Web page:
Latest news and 'Thought for the day'
Thought for the Day by Tim Gage (Curate)
One of the criminals who hung there hurled insults at him: ‘Aren’t you the Messiah? Save yourself and us!’ But the other criminal rebuked him. ‘Don’t you fear God,’ he said, ‘since you are under the same sentence? We are punished justly, for we are getting what our deeds deserve. But this man has done nothing wrong.’ Then he said, ‘Jesus, remember me when you come into your kingdom.’ Jesus answered him, ‘Truly I tell you, today you will be with me in paradise.’
During the reporting of the last few weeks, something has become quite apparent, people fear to be alone. Perhaps this is not a surprising thing to hear. As people made in the image of God, who is Father, Son, and Spirit, we need the companionship of others to live. Yet one particular characteristic of this pandemic holds the greatest fear for many of us: dying … alone.
Due to the highly contagious nature of COVID-19, immediate family struggle to even be with their loved ones during those final moments. And this has been the case for many who have lost the battle with this virus. I am sorry to bring this up, but it is a grim yet important reminder of the truth of this current situation. Aware of this, I am needing to increasingly grasp that as a Christian, part of our faith involves trusting Jesus even in the manner and timing of our death. Yet from this position, the Bible holds out great encouragement for us.
As we approach Easter we prepare to follow the gospels through the Last Supper, the Cross and out of the Empty Tomb. And it’s because of the truth of this that fear of death cannot cripple us. Luke describes one part of Christ’s death where a thief calls on him for mercy and receives these words that Christians nearing death have treasured ever since: “Truly I tell you, today you will be with me in paradise”.
One area where we can share hope with our neighbours then is in that confidence that we are not alone, even if our nearest and dearest can’t attend our dying breaths. God is there with us and preparing to welcome us into paradise.
Book Review by Giles Cockman -
"Reset" by Dr David Jeremiah
I receive daily readings from Dr. David Jeremiah, whose Turning Point ministries have been an excellent source of teaching and encouragement for me these past couple of years.
I'd highly recommend his book "Reset" which has helped me to step back, identify where I've got into bad habits or allowed apathy to dull my desire to serve, focus on and obey God every day. It's been a real wake-up call.
The book uses a specific part of Nehemiah as it's core thread, after he rebuilt the walls of the demolished Jerusalem. As per the overview of the book, we follow Nehemiah's journey, being used by God to transform the Jews from a faithless remnant to a faithful, restored nation. David J parallels the story in Nehemiah to our own daily lives in the 21st century and challenges us by reading the Word and praying for the guidance of the Holy Spirit to renew our faith so it cannot be shaken by the happenings in the world around us.
It's a really practical book with lots of reflective questions. Like our sermons at BH, each chapter closes with application questions and points.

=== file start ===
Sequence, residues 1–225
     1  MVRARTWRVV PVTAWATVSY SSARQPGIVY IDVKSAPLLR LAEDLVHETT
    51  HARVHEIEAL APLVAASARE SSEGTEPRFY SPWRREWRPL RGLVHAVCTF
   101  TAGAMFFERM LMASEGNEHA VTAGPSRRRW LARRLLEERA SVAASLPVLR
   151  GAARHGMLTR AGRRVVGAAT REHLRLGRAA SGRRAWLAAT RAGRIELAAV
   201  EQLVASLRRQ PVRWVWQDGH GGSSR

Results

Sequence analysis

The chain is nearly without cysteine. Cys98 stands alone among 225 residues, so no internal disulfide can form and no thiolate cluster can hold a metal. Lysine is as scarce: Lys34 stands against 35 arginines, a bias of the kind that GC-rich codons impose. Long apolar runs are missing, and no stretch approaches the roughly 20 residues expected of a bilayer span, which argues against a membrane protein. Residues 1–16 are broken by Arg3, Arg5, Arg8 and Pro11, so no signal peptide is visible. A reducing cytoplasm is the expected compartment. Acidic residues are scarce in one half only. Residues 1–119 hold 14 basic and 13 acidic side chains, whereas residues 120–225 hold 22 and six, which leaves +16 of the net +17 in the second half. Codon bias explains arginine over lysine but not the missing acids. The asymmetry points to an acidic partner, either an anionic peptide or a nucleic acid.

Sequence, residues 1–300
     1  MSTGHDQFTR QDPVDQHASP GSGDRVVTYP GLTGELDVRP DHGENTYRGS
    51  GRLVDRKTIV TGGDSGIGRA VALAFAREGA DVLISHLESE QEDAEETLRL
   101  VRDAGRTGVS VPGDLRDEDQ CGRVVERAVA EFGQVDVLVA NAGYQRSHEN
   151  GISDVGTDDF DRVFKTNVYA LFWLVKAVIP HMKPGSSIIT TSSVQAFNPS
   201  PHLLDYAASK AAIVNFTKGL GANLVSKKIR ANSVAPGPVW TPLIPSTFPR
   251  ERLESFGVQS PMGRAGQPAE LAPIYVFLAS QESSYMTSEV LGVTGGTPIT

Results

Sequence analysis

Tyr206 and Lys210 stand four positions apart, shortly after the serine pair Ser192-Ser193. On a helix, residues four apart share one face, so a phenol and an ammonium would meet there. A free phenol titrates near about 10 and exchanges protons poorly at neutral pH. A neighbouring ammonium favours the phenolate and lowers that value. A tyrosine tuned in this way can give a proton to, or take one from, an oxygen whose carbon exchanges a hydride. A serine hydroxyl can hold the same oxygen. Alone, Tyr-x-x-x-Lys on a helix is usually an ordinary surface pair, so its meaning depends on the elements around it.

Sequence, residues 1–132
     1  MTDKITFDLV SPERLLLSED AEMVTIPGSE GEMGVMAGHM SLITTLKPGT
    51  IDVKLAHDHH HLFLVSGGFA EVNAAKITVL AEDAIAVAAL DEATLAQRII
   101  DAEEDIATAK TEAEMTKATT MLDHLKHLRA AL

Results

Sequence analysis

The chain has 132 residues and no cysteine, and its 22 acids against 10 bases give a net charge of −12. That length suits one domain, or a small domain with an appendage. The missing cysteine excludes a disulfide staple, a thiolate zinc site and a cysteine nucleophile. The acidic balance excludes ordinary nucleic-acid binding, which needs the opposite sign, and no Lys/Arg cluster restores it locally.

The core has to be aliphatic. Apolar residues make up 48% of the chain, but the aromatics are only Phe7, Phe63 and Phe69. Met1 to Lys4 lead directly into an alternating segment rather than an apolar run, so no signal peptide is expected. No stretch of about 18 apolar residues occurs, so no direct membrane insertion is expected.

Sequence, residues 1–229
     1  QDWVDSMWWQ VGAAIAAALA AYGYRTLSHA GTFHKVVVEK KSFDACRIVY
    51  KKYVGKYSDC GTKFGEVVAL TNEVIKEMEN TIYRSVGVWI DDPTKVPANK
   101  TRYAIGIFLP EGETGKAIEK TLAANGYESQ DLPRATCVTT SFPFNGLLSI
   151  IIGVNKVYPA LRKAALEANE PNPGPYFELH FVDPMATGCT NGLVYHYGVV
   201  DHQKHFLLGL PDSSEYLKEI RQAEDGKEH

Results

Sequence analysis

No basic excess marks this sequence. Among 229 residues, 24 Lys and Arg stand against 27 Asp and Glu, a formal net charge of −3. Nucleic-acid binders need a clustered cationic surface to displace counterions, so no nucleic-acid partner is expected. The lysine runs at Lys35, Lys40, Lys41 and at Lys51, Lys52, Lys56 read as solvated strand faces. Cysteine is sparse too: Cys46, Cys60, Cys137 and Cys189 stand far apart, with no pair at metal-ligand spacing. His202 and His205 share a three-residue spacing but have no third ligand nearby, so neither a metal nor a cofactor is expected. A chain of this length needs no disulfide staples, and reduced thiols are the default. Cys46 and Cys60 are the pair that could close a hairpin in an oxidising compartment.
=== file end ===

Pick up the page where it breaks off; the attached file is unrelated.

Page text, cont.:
Furthermore, this reading below from David J's daily email bulletin has really moved me and uses the analogy of waves constantly crashing on the shore as a sign of his endless mercies. As we sing "Morning by morning new mercies I see, all I have needed thy hand hath provided, great is thy faithfulness, Lord unto me".
Starting with John 1:16, he says:
Waves of Grace
And of His fullness we have all received, and grace for grace.
A famous hymn says, “When sorrows like sea billows roll.” But John 1:16 talks about another kind of billowing reality—“grace for grace.” The idea seems to be drawn from the picture of ocean waves. Out of the fullness of Jesus Christ, we constantly receive one wave of grace after another. Just as a wave swells, curls, and crashes to the shore, then recedes as another follows, so the grace of God comes with endless waves of blessings.
God cares for us so deeply He records our sorrows. Psalm 56:8 says: “You number my wanderings; put my tears into Your bottle; are they not in Your book?”
In some way God captures our tears in His bottle and our pain in His Book. In other words, He cares for every heart pang. If He has captured your tears in His bottle, then let the anointing oil of the Holy Spirit bring comfort to your heart. And if He has written your hurts in His heavenly book, open His earthly Book and find a promise. You will receive one wave of divine grace after another.
Tears are the diamonds of heaven; sighs are a part of the music of Jehovah’s court and are numbered with “the most sublime strains that reach the majesty on high.”
Charles H. Spurgeon
 Horatio Gates Spafford, “It Is Well With My Soul,” 1873.
Helping Your Neighbours across the City
In these rather uncertain times there are many across the City that are finding it really tough.
Please click on the link below for information on the NHS Volunteer Responders organisation which could be a good way for BH Members to help.
Mental Health Awareness 2020
Please follow the link below to our Resources page for more information.